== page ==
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Real Opportunity for Peace in Congo? I’ll Take Action for That.

by Chloe Christman

Contrary to the view expressed in a recent OpEd in the New York Times by David Aaronson, the conflict mineral provision in the Dodd-Frank Wall Street Reform Act has not caused or exacerbated the dire economic and social situation in eastern Congo. It is over fifteen years of conflict, decades of governmental mismanagement and neglect, a legacy of corruption and exploitation, and lack of impunity, all in the face of a multimillion dollar minerals trade financing armed groups and perpetuating violence that has terrorized the population for decades.

Rather, Dodd-Frank offers real opportunity for reform in eastern Congo by confronting the key economic driver of conflict – the trade in conflict minerals. This momentum must be seized, and your voice can help ensure these critical steps are taken.

The well-documented connection between the minerals trade and violence - from the money made by commanders to the proximity of attacks to mining communities - is absolutely impossible to ignore, and one can literally see it without even looking. Just spend a day in Goma, look at the “coltan” houses – mansions sprouting up in the middle of some of the poorest shanty towns in the city, and ask who lives there and why. The answer? People like Bosco Ntaganda, a general in the Congolese Army who is also wanted by the International Criminal Court for crimes against humanity. He and others like him reap daily the economic benefits of some of the largest mines in the region.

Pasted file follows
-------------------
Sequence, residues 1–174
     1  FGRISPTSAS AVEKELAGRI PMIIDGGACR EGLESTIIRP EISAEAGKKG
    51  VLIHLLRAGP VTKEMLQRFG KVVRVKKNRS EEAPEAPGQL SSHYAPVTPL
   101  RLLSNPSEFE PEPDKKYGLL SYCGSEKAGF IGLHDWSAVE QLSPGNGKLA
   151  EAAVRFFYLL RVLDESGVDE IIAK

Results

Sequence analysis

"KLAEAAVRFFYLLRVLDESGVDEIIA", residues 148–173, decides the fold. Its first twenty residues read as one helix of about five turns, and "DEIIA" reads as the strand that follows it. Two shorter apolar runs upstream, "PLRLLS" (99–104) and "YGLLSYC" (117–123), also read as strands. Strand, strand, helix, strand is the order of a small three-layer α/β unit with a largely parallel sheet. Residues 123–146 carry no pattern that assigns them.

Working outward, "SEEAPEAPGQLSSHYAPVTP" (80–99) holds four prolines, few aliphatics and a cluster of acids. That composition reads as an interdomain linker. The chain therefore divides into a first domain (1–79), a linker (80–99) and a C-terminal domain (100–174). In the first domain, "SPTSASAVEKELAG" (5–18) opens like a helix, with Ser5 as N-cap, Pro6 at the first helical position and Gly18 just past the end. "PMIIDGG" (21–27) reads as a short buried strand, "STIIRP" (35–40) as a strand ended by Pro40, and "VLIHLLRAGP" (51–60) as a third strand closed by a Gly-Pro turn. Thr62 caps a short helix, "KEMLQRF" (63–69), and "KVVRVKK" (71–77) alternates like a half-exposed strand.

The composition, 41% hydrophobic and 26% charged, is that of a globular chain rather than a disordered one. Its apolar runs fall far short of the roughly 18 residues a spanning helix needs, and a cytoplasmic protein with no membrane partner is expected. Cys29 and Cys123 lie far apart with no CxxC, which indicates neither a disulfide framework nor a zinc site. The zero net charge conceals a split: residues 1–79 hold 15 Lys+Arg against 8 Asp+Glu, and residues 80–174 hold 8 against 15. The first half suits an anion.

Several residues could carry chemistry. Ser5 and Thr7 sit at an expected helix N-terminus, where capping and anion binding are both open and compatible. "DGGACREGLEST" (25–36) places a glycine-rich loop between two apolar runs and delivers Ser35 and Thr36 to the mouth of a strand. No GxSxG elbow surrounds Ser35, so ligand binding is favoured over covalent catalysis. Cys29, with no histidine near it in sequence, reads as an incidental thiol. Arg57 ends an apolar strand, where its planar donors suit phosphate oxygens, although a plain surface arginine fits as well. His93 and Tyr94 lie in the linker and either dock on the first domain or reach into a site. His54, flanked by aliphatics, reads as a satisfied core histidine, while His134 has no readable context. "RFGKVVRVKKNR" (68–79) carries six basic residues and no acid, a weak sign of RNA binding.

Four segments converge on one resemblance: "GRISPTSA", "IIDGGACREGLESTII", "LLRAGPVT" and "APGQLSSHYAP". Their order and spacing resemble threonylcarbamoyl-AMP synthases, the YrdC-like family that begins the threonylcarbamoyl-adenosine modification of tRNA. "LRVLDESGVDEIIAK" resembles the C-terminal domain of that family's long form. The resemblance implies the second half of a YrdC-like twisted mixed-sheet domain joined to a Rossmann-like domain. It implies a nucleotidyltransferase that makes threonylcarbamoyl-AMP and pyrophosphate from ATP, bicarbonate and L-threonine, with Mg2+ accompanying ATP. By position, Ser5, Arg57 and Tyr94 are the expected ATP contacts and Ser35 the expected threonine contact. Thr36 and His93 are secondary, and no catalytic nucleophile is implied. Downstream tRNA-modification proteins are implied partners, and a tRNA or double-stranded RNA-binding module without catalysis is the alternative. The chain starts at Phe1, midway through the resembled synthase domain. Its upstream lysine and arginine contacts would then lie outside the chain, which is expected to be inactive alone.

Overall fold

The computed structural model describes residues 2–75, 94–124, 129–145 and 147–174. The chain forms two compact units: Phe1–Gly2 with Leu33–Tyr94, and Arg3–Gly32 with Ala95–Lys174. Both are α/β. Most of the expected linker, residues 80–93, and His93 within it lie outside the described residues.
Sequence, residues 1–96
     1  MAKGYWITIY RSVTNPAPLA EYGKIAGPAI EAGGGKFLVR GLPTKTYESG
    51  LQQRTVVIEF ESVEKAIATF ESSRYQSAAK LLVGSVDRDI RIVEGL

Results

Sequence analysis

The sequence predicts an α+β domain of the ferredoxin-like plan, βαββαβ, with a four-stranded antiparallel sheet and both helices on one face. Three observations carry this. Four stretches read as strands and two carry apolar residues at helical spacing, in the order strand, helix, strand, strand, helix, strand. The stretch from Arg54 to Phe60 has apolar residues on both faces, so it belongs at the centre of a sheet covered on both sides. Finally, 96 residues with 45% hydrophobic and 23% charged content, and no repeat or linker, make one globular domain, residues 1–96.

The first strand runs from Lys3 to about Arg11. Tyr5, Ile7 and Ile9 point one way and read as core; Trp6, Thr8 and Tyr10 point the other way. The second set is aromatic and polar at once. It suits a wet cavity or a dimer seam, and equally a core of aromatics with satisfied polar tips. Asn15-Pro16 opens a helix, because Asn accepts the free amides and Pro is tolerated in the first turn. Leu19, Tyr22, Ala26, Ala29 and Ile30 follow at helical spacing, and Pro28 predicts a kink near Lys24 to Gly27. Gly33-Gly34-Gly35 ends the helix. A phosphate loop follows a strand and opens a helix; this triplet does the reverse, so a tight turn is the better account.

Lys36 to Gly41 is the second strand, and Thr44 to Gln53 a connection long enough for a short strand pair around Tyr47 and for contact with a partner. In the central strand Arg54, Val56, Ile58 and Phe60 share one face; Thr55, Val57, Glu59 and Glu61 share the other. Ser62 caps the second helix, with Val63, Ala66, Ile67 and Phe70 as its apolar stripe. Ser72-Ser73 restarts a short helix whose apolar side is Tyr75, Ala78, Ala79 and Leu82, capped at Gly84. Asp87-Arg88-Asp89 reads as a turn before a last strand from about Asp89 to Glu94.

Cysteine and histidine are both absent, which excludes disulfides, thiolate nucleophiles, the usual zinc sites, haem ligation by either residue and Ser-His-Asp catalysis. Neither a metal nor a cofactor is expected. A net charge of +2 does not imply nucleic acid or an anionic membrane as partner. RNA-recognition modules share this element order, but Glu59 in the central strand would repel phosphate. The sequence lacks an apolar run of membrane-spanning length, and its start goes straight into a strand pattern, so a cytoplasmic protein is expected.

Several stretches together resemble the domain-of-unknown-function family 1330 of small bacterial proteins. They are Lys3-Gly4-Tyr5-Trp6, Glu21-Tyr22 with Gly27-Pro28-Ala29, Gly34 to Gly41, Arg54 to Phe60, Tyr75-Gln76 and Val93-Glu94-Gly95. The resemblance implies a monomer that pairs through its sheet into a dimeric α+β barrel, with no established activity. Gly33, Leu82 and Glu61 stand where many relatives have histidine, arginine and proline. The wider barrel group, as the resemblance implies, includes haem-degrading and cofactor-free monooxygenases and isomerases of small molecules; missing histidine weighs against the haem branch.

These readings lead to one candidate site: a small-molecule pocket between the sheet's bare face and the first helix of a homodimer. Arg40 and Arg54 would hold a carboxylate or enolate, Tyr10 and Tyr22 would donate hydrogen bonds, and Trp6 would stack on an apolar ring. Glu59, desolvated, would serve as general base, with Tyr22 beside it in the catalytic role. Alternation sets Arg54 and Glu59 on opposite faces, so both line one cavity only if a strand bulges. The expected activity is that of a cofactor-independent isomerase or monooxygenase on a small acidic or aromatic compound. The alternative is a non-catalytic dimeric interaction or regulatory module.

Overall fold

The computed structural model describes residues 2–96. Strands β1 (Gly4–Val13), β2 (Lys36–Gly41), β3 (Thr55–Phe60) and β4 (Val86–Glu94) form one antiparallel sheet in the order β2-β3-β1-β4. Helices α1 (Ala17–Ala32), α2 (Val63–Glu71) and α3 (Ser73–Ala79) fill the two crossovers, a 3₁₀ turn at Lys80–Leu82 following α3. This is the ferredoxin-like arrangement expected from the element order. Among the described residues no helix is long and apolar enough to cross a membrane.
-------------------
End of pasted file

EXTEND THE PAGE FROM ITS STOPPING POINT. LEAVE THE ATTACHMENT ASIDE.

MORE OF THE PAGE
This has been occurring long before Dodd-Frank, but the bill’s passage has provided a necessary jolt to this status quo. In fact, there is much local support for the legislation because it has already set in motion what is needed for change in not only the mining sector itself but also for a broader set of reforms, as reported by the United Nations. Dodd-Frank has proven to be a first step to squeeze out armed groups, to cut their millions in funding, and, with further support, will help create the space for a legitimate mining sector to emerge that actually leads to development and a better life for people in eastern Congo. This momentum must be seized, and there are clear, tangible steps forward for which the United States can and should be a leader.

To start, these systems need to be strengthened and expanded, and brought together under the umbrella of a credible, international certification system that ensures minerals on the market from eastern Congo or surrounding areas are not financing armed groups. Traceability, transparency, independent monitoring – it’s all beginning to happen, but requires full buy-in and follow through to achieve the highest impact.

The United States must not back down now. We have an obligation to follow through on what was started with Dodd-Frank because it has the ability to improve the lives of millions of people today and for future generations. In a conflict as complicated as Congo, it is rare to have such momentum and opportunity for real change. What we can do now as citizens is demonstrate to our leaders that there is a real political demand here in the United States for their action on Congo.

Join us in calling on Secretary Clinton to be a leader for certification of the region’s minerals, and encourage her to take the next step needed for peace in Congo. This is a real opportunity for peace in Congo. Take action for that.


Thank you, Breese, for your comments here and valuable information. I will write to Clinton!

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